recognized as Orthodox)?

(10) Is there a greater number of men or of women among converts to

(11) What are the factors which typically lead to converted persons
choosing Judaism, specifically Orthodoxy?

Please include specific references and bibliographies, if available.

Joe Abeles


From: mljewish (Avi Feldblum)
Date: Thu, 25 Feb 1993 23:46:56 -0500 (EST)
Subject: Feld Update

Hello all,

I just spent an hour visiting with Avram Feld, who is spending the night
with his brother in law in Highland Park. Avram looks well, and sends
his warmest regards to all those on the list. He asks me to express to
you his thanks for your support of him and his brother over the last
several weeks. Here are where things stand currently. The main charge of
conspiracy to murder has been dropped. The bail has been reduced from
$500,000 each to $100,000 each. They think think the remaining charges
will be dropped within the month. Their passports were returned to them,
and they are permitted to return to Israel. Avram says he is looking
forward to getting back home to his wife and kids. Now that the Judge
has ordered the bail reduced, the next step is for the state to transfer
funds back to the lawyer. Once that occurs, hopefully next week, the
lawyer will begin paying back $800,000 of the loans that put up the bail
money. The remaining $200,000 will be returned, hopefully next month if
the remaining charges are dropped.

There are always interesting side stories that occur, and Avram told me
one. In one shul that raised some money, the gabbai sent a message from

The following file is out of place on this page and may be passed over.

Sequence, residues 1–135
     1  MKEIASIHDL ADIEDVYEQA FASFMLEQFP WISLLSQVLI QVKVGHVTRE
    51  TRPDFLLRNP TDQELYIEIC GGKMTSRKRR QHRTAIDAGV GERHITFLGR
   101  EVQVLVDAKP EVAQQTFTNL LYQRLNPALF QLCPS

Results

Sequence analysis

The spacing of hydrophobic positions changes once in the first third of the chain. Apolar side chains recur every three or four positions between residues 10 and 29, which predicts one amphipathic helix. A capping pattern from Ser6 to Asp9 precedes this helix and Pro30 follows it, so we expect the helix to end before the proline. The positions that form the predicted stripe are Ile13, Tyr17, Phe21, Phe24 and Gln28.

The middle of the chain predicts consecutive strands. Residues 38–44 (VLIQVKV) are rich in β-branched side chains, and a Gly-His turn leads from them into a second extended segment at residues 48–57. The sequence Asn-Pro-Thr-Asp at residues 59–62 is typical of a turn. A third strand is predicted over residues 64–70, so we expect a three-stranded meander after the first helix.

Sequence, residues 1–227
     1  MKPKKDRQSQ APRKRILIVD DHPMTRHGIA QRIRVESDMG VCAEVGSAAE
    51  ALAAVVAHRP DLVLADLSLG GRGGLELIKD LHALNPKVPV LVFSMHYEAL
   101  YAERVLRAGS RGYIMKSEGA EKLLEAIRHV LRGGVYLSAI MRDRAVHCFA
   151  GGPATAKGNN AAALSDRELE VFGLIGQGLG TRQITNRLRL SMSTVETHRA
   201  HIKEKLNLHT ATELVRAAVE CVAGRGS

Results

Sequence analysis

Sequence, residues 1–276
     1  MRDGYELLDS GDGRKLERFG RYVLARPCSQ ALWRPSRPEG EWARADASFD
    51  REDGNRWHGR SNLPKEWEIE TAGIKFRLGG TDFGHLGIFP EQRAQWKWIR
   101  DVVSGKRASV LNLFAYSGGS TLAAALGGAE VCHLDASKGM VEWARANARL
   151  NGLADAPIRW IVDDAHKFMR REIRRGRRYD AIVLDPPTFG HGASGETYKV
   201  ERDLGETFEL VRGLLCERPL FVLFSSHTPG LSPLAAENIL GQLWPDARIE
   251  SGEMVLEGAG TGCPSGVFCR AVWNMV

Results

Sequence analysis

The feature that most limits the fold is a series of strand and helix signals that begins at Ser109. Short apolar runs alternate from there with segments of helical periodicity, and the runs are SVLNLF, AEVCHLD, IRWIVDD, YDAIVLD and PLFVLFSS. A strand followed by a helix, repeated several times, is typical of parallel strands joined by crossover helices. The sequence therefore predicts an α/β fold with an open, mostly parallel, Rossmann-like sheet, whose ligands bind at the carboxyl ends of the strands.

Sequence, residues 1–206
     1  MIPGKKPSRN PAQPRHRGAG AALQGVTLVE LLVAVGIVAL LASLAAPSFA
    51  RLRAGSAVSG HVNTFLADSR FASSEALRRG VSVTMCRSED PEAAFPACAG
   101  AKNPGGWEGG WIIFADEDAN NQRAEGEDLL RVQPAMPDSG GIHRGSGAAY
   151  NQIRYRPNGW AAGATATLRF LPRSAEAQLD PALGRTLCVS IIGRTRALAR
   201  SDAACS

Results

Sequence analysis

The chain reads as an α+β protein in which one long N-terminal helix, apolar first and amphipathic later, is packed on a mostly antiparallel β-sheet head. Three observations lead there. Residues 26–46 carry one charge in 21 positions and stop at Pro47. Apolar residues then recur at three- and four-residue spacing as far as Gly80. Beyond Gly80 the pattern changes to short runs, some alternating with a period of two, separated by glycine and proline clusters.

his (the gabbai's) father that in his (the fathers) community, they had
prayed for the brothers and that they would be released just before Rosh
Chodesh Adar. This occurred one month prior to the beginning of Adar.
Where did this father live? In Iraq, in Shushan! And the Felds were
released on Friday immediatly before Rosh Chodesh Adar. 

As I mentioned in an earlier note there are a few loans which they do
nat have the needed information to return the loan. If anyone wired
money from AT&T FCU, please contact Ken at 908-572-3502. In addition, if
Jerry and Esther Friedman read this note, please call Ken.

Avi Feldblum
mail.jewish Moderator


From: Josh Klein <VTFRST@...>
Date: Tue, 23 Feb 93 08:16 N
Subject: Priestly blessing

In the shul I grew up in near Boston, we duchened (kohanim blessed the
rest of the congregation) on yom tovim, except when they fell on
shabbat. I later heard that in some shuls (including, I think, one in
Teaneck), they duchen every shabbat, but only at musaf. In Bangkok,
believe it or not, they duchen every shabbat at shacharit and musaf. In
Israel, I've seen places where duchenen

is only done on shabbat and yom tov (musaf only), only on shabbat and yom tov
(shacharit and musaf), and every day (Rehovot, for example).
Does anyone know of a source or a coherent reason for these divergent customs?
Josh Klein VTFRST@Volcani


From: <U08383@...> (Robert Gordon)
Date: Mon, 22 Feb 1993 17:59:31 CST
Subject: Tefillin

Can anyone advise me as to the importance of having tefillin made from
behemot gassot (heavy animal such as a cow) as opposed to behemot dakot
(lighter animals)?  I am about to buy my son tefillin for his bar
mitzvah, and it is unclear to me just how important this hiddur mitzvah
(beautificaton of the mitzvah) is.

Robert Gordon


End of Volume 6 Issue 48